Grandma Anna Andryc (1876? - 1966)
'We kids were all afraid of her. She didn't speak English; we didn't speak Polish, and she wielded her cane all over the place. Sometimes, she got both canes going . . .'
Left: Michael Andryc (circa 1958 at age 10) with Godmother Maggie Pasternak (left) and Grandma Anna Andryc, his paternal grandmother (far right), in the only photograph he has of her.
Right: Andryc's Grandmother - From the series Snapshots from the Netherworld. In this rendering, his grandmother enjoys a view of the Anthony Mill in Coventry, RI, outside the window. The Anthony Mill appears in many of his paintings, as four grandparents, both parents, and he all worked there. Today, it is remodeled and is a condominium complex.
"Riding with Brando (My Grandmother and The Wild One)"
Many artists assume alter-egos. For Marcel Duchamp, it was Rose Selavy (translated in English to “Eros, that is life”), and for German surrealist Max Ernst it was a bird named “Loplop.” For Michael Andryc, it’s his Polish grandmother, Anna. Michael, a self-proclaimed “sophisticated primitive post-modern artist” (yes, he acknowledges the inherent irony of such a title) admits that as a child he was “deathly afraid” of his Babka Anna Andryc, in part because she spoke a foreign language in a time when “no one wanted to talk about their origins before coming to America,” and because she was a woman more tenacious than the era allowed . . .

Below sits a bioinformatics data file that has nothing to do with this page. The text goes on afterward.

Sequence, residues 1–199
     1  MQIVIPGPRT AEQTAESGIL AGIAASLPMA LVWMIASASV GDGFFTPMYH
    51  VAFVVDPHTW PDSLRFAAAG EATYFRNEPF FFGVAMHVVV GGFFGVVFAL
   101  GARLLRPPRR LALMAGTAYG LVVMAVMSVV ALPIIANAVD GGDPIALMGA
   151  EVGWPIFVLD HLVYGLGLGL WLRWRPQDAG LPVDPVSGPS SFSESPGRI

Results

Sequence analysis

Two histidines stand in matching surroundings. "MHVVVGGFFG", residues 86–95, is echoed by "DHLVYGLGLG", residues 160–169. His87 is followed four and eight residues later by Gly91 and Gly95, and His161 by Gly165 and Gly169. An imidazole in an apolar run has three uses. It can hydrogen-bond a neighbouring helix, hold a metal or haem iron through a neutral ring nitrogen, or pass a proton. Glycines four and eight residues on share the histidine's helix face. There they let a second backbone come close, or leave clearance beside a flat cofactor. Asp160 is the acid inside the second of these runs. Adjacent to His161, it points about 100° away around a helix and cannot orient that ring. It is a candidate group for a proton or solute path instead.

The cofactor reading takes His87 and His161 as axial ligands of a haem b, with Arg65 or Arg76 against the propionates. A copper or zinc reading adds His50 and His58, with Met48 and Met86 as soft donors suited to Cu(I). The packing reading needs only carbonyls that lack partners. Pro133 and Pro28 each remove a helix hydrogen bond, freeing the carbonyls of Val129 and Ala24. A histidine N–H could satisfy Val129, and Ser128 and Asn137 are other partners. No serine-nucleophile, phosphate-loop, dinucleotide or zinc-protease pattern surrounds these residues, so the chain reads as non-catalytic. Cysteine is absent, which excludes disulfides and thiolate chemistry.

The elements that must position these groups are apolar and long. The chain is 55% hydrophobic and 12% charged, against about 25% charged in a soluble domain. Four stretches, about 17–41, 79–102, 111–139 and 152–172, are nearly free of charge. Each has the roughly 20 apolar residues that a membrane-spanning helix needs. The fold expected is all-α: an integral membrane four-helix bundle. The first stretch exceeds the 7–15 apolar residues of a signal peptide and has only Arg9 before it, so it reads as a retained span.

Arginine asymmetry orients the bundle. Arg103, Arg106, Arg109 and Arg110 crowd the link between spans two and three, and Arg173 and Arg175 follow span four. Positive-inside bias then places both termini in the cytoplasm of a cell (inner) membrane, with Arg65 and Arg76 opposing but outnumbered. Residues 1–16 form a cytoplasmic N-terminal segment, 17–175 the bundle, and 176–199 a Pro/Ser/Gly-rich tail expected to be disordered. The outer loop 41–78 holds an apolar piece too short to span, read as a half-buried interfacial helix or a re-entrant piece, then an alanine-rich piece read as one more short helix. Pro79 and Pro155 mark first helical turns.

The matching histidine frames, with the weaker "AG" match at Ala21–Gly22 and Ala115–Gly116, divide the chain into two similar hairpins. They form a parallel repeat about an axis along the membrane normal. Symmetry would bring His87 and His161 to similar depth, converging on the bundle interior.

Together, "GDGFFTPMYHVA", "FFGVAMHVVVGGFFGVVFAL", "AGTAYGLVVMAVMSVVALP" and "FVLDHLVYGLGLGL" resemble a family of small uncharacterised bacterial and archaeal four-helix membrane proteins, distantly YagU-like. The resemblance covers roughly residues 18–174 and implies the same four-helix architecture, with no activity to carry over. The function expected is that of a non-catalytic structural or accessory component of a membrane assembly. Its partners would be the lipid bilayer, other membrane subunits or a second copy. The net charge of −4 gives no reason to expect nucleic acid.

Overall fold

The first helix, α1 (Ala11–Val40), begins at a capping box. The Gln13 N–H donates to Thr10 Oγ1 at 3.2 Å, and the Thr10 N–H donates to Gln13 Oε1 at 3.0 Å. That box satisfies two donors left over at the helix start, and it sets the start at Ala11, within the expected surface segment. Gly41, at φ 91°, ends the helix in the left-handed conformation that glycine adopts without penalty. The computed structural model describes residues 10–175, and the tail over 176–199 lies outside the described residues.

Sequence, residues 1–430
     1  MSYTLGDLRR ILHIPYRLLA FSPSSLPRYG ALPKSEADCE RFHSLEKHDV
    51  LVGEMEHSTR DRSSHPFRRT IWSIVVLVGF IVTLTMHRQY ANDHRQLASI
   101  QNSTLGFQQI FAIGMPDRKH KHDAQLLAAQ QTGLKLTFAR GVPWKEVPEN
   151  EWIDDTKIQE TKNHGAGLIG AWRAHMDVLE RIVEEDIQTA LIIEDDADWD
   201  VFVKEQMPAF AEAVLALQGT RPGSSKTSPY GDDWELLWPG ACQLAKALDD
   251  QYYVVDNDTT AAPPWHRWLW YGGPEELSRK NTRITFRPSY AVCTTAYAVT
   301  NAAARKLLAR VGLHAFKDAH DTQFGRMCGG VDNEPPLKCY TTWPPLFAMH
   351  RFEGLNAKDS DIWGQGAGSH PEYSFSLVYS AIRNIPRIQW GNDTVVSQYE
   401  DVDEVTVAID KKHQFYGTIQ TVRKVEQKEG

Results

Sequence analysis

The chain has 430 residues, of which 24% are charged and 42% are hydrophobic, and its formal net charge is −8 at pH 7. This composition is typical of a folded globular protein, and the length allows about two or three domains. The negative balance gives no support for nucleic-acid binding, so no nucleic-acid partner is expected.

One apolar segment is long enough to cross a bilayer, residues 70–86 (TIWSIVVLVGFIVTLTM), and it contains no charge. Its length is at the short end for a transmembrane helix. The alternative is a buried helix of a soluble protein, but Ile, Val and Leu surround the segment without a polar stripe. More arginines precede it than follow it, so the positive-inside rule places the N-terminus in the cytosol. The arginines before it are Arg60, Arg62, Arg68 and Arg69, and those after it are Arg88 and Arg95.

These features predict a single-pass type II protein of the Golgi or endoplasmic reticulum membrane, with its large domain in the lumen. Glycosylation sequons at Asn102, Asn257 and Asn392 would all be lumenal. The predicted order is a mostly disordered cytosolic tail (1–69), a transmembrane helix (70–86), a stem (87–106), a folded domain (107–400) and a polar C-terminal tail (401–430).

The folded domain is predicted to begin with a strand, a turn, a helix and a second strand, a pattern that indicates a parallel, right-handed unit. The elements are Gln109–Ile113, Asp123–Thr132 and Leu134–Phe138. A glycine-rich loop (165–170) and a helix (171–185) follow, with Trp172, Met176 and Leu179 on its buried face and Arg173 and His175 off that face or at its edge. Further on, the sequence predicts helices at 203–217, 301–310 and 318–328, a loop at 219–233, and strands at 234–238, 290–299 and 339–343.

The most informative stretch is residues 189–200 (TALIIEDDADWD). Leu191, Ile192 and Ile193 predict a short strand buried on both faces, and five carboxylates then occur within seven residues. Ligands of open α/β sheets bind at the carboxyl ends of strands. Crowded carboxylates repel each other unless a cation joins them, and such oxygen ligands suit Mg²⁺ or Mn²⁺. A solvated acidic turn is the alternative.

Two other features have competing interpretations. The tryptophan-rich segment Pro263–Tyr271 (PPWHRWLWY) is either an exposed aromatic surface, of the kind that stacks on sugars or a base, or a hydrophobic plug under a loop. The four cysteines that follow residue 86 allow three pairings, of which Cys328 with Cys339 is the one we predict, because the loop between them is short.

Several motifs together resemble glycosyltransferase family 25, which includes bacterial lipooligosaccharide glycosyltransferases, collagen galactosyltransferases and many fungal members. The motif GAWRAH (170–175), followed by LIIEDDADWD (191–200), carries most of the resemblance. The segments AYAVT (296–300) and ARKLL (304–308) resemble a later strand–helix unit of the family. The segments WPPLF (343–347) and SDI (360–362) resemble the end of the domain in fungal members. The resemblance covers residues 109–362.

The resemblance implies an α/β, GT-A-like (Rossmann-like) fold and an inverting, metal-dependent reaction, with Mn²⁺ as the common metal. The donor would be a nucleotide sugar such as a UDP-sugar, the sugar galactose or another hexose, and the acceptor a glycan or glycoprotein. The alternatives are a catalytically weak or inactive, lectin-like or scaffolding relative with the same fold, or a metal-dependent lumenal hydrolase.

'She was such a strong woman—married three times—something which was unheard of in those days. One husband even mysteriously disappeared.' Now Michael enjoys hiding behind her in his paintings, traveling with her on outlandish adventures.
- Oli Robbins, Arts Editor, Bernalillo Signpost, 2016
Selling My Own Grandmother . . . on the Abbey Road Expedition called 'Life'
My Grandmother Anna Andryc has appeared as a motif and symbol in my work for more than 40 years. My series Selling My Own Grandmother debuted at the American Center for Polish Culture in Washington, DC, in 1997, and continues to this day. She serves as an archetype, the Baba Yaga in world cultures, a symbol of the strength and imagination of Immigrant-American Experience. As such an important figure, Grandma Anna is a guardian angel and super action figure saving me and the world. Alternately, she is a harbinger of the darker side of human nature that is also within each of us. Grandma Anna is my own personal, persevering alter-ego as I experience my own life. My mission is to share my Babka Anna's unique vision of existence - to help us navigate and find joy in this complex world of dualities.
The Abbey Road Expedition
(My Grandmother Leading Others in Search of a Little Help from the Beatles . . .
in These Hard Times)
Grandma Anna leads a modern-day think-tank to rediscover the world of peace and love embraced by the Beatles. They are: Sacajawea (with her papoose), Elvis, Frida Kahlo, and Einstein representing history and indigenous peoples, music, art, and STEM, respectively.
Dinner with Andy at the Nighthawk Café (After Edward Hopper)